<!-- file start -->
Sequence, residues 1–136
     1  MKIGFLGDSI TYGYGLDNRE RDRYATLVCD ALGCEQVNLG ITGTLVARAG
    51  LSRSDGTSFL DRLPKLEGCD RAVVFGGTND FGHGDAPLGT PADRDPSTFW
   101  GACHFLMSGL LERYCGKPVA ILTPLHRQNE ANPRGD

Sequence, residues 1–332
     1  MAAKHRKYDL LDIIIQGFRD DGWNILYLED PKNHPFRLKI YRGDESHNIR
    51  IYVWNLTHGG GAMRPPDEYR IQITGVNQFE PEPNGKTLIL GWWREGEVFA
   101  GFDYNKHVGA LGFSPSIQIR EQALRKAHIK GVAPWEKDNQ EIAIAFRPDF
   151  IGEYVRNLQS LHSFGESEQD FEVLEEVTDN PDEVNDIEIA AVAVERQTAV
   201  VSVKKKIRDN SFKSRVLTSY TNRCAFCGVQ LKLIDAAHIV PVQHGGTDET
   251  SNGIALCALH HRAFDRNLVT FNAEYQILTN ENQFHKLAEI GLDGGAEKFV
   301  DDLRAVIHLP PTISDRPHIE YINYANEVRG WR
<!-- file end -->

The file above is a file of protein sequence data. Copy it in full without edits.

Sequence, residues 1–136
     1  MKIGFLGDSI TYGYGLDNRE RDRYATLVCD ALGCEQVNLG ITGTLVARAG
    51  LSRSDGTSFL DRLPKLEGCD RAVVFGGTND FGHGDAPLGT PADRDPSTFW
   101  GACHFLMSGL LERYCGKPVA ILTPLHRQNE ANPRGD

Sequence, residues 1–332
     1  MAAKHRKYDL LDIIIQGFRD DGWNILYLED PKNHPFRLKI YRGDESHNIR
    51  IYVWNLTHGG GAMRPPDEYR IQITGVNQFE PEPNGKTLIL GWWREGEVFA
   101  GFDYNKHVGA LGFSPSIQIR EQALRKAHIK GVAPWEKDNQ EIAIAFRPDF
   151  IGEYVRNLQS LHSFGESEQD FEVLEEVTDN PDEVNDIEIA AVAVERQTAV
   201  VSVKKKIRDN SFKSRVLTSY TNRCAFCGVQ LKLIDAAHIV PVQHGGTDET
   251  SNGIALCALH HRAFDRNLVT FNAEYQILTN ENQFHKLAEI GLDGGAEKFV
   301  DDLRAVIHLP PTISDRPHIE YINYANEVRG WR